via University of Texas at Dallas

By Office of Media Relations •Aug. 15, 2005

RICHARDSON , Texas (Aug. 16, 2005) – Dr. Brian J. L. Berry, dean of the School of Social Sciences at The University of Texas at Dallas (UTD), has been named the 2005 recipient of the Vautrin Lud Prize, the highest award that can be bestowed on a geographer. Berry will receive the award at a ceremony on Sept. 29 at the International Festival of Geography in Saint-Dié-des-Vosges, France.

The prize, which was created in 1991 and is officially known by its French name Lauréat Prix International de Géographie Vautrin Lud, is awarded each autumn to an intellectual leader in the field, as determined by a five-person international jury.

Dr. Brian Berry, dean of the School of Social Sciences, will visit France to receive the Vautrin Lud Prize, the highest award bestowed on geographers.

The award is modeled after the Nobel Prize, which does not have a category for geography. Vautrin Lud was a French scholar who was instrumental in naming America for the Florentine navigator Amerigo Vespucci, whose account of landing on the North American continent found its way to a group of Saint-Dié-des-Vosges scholars directed by Lud. In 1507, the group used Vespucci’s accounts to publish one of the earliest geographical treatises regarding the New World.

“When I arrived on the UTD campus several months ago, it quickly became evident to me that this community of scholars embraces quality, with a top-notch faculty that includes Nobel laureates, members of the National Academies and researchers making important advances in new and exciting fields,” said university President Dr. David E. Daniel. “Brian Berry is an integral part of this culture of quality, as evidenced by his being accorded the top distinction in his field, the Vautrin Lud Prize. We salute him for this latest achievement, which demonstrates the high esteem in which he is held by his fellow geographers around the globe.”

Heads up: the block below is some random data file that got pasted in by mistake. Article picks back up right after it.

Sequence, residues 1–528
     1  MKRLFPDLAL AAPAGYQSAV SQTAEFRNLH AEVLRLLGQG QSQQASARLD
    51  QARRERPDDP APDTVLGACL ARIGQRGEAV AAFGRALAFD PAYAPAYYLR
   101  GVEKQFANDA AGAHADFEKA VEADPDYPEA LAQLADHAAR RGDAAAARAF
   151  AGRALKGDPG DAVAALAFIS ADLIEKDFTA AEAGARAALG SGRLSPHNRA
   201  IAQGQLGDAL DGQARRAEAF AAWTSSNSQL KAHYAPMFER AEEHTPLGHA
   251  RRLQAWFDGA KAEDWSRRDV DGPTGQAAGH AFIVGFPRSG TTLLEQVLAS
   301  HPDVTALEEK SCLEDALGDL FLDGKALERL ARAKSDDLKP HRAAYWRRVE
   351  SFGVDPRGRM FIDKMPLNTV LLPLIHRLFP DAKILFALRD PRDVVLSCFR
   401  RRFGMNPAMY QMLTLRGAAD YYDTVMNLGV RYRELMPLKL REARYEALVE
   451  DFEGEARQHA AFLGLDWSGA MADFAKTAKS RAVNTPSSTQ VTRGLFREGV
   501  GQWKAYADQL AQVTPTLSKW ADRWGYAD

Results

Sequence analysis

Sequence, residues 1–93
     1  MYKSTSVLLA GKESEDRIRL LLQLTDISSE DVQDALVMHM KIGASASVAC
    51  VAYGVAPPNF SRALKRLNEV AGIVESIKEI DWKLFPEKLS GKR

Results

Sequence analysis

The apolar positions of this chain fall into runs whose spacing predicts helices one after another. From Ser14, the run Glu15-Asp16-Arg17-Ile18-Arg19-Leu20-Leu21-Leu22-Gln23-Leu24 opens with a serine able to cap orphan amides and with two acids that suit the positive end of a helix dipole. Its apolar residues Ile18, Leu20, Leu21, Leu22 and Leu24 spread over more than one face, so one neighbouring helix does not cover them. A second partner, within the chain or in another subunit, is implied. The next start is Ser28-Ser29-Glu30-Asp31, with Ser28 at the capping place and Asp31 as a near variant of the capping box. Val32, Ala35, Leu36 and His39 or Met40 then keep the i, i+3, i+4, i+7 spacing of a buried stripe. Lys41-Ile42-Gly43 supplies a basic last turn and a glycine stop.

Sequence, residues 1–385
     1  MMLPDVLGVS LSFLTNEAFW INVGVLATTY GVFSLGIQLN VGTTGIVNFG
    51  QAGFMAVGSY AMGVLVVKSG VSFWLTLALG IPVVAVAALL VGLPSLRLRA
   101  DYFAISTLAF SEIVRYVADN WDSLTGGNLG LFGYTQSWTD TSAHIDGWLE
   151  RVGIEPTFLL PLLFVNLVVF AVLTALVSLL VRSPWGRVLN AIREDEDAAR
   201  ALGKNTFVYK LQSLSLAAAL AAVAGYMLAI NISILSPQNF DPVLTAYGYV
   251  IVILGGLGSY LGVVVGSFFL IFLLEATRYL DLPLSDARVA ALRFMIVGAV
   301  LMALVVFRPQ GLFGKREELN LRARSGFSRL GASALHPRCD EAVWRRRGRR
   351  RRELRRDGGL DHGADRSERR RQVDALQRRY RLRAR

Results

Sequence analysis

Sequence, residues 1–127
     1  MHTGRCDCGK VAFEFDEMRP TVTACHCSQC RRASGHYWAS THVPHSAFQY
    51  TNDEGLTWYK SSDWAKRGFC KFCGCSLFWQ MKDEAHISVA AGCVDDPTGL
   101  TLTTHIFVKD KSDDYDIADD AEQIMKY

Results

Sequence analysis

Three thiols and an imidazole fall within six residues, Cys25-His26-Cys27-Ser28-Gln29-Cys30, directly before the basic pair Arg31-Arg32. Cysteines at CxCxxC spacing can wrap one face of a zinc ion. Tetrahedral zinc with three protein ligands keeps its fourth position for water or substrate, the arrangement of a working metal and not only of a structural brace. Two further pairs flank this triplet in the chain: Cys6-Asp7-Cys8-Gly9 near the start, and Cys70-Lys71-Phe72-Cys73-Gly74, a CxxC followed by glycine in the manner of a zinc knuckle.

Berry is one of the world’s leading social scientists, widely acclaimed for his work with spatial analysis and urban theory. He is credited with helping transform geography as a discipline, elevating it to a respected and competitive science. Due to the groundbreaking nature of his work, Berry was ranked as the world’s most frequently cited geographer for more than a quarter century.

Berry is the Lloyd V. Berkner Regental Professor in UTD’s School of Social Sciences and a long-time leader of the university’s political economy program. On July 1, he became dean of the school, which has 60 faculty members and more than 1,300 students and which offers bachelor’s, master’s and doctoral degrees in a broad range of fields, including crime and justice studies, economics and finance, geospatial science, political science, public administration, public policy and sociology.

Berry became a faculty member at UTD in 1986, after holding faculty and administrative positions at Carnegie Mellon University (where he also served as a dean), Harvard University and the University of Chicago. He helped found and was the first director of UTD’s Bruton Center for Development Studies.

Among the many awards and other forms of recognition Berry has received for his work are the Victoria Medal bestowed by Britain’s Royal Geographical Society in 1988 and his election as a Fellow in the British Academy in 1989. In 1975, he became the youngest social scientist ever elected to the National Academy of Sciences, the most prestigious scientific association in the United States, and in 1999 he became the first geographer elected to the academy’s council.

A native of England, Berry earned a B.Sc. degree in economics from University College, London. He received a M.A. degree and a Ph.D. degree, both in geography, from the University of Washington, Seattle.

He is the author of more than 500 books, articles and other professional publications.

About UTD

The University of Texas at Dallas, located at the convergence of Richardson, Plano and Dallas in the heart of the complex of major multinational technology corporations known as the Telecom Corridor®, enrolls more than 14,000 students. The school’s freshman class traditionally stands at the forefront of Texas state universities in terms of average SAT scores. The university offers a broad assortment of bachelor’s, master’s and doctoral degree programs. For additional information about UTD, please visit the university’s web site at

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